I can't help but think that this storyline was rewritten somewhere along the line, maybe in response to it not really having the sales and/or fan impact that it was supposed to. Part of that is due to that whole "restoring the status quo" thing, but it's also because I'd like to give Victor Gischler the credit for not having always planned to have what should've been a large scale set-piece (The amassed vampire army attacking the X-Men's floating island base) happen, essentially, off-panel. Or, for that matter, plot devices like "We remote-control switched off Wolverine's healing power so that he could become a vampire and now that he is a vampire, we're remote-control switching his healing power back on and look! He's normal again and he'll kill all the vampires! Off panel!"
I may be too kind in giving Gischler that credit, mind you; there's a lot happening off-panel throughout this storyline, not least of which the death of Dracula and recovering of his body, both of which happen in other comics altogether, despite being fairly central to the plot here. Never mind the fact that, after he's brought back to life by the X-Men, Dracula pretty much leaves the book until he shows up to take command of the vampires again, which - par for the course here - happens without much drama or reason to be interested. That's a weird hallmark of the six issues here: Everything that you feel should have some level of dramatic tension, interest or whatever just... happens. Sure, there may be some posturing from one or more of the characters, but there's never any excitement or resolution or anything that the reader actually gets to experience. In six whole issues.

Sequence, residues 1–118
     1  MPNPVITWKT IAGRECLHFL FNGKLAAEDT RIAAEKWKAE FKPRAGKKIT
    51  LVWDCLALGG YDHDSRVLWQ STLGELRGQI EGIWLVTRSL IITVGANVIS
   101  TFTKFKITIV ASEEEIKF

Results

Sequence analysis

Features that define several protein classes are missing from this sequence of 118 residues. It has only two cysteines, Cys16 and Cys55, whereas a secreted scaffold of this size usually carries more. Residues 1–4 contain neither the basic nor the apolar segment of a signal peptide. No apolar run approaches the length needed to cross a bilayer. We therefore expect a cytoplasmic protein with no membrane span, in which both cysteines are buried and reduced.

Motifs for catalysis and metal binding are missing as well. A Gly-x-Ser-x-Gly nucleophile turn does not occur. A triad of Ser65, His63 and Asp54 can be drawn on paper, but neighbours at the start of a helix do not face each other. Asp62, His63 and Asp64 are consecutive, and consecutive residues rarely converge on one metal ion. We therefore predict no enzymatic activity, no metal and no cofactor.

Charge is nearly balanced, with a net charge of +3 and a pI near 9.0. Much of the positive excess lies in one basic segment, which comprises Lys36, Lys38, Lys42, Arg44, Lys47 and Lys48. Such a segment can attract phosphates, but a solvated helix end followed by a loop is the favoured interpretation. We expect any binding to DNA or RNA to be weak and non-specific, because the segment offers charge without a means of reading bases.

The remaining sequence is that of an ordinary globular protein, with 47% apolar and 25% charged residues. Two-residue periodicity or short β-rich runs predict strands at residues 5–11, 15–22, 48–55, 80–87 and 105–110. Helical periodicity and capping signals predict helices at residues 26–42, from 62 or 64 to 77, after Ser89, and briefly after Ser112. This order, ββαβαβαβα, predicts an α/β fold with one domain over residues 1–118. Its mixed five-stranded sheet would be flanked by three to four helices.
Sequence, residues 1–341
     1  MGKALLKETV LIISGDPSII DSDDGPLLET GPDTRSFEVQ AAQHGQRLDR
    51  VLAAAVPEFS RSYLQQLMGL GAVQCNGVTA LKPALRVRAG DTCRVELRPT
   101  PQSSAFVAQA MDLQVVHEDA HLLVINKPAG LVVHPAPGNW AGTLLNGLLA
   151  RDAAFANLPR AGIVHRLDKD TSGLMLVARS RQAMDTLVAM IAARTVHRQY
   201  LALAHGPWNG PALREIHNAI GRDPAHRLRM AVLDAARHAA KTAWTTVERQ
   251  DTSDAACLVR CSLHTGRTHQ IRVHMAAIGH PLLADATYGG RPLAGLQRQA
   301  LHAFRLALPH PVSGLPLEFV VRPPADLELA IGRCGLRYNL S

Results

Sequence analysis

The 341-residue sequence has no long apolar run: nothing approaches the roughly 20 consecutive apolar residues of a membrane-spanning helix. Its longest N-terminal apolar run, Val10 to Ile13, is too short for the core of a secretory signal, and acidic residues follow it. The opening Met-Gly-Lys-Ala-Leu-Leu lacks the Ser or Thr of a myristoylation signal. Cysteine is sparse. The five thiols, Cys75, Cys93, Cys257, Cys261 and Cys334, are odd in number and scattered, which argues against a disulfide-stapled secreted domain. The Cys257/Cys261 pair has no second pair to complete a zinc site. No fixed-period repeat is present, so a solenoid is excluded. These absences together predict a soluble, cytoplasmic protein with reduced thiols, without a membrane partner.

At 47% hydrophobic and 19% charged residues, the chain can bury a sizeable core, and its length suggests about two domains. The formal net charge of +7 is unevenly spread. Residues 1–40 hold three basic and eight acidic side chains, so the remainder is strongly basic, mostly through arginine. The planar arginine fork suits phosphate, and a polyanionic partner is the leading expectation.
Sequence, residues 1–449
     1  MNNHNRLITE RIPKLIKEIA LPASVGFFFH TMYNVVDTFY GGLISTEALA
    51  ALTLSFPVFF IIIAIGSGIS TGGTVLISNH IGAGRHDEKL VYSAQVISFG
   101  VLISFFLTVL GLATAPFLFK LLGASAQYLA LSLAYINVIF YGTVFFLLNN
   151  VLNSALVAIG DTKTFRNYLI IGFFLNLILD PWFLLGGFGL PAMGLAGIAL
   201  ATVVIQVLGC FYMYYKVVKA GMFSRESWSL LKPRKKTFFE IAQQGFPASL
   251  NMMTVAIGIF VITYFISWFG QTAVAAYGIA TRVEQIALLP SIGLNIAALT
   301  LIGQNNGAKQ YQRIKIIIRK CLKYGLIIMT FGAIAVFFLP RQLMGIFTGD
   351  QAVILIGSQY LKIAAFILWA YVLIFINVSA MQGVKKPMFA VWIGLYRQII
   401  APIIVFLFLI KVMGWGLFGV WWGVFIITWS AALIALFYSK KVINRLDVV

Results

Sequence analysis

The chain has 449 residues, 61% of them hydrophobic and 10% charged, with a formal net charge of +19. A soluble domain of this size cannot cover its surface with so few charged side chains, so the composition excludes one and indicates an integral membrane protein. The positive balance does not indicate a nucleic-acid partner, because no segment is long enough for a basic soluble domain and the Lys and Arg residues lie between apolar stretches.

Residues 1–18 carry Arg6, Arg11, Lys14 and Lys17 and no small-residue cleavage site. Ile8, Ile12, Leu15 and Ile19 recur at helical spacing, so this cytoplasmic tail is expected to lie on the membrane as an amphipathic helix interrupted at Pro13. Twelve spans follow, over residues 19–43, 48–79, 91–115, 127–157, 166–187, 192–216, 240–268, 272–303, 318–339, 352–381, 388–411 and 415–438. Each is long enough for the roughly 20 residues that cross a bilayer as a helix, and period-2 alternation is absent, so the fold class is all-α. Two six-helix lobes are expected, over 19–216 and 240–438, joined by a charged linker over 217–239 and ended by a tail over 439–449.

(The resolution of the storyline is actually a great example of this: Having slaughtered the vampire army off-panel in the previous issue, the X-Men go all out to attack the vampire stronghold to rescue Jubilee. Once they get there, they break in, off-panel, fight off the guards, off-panel, and by the time they get to Dracula and his cronies, there's a stare-off before Dracula gives Jubilee back to the X-Men. The only action to be seen is Cyclops knocking Blade out - with an eye-beam to the back, weirdly enough - to stop him from attacking Dracula. Because, of course, the X-Men have no issue with Dracula, they had a problem with his son, who's now dead. The end.)
There's a certain futility in being disappointed in a superhero event comic for failing to live up to its hype; it's like being annoyed when the sun sets every evening, after all. But Curse of The Mutants does more than just fail to live up to its hype: It's almost entirely disconnected to the hype, not only failing to answer the questions from the hype (or, really, even acknowledging them. Was the solicit written based on plans that changed in the writing? I guess so) but failing to offer anything to replace those questions. I couldn't tell you why I bought all six issues of this storyline - Part of it was a car-crash quality, I admit, part of it was wondering if it would ever actually go anywhere close to the pre-release hype, but beyond that...? I have no idea. Inertia? Masochism? - but now that they're over, I have no idea whether I feel like it's been a waste of time and money, or a strangely hypnotic example of accidental zen anti-event comics. Let's be safe and just say that they're Awful, shall we?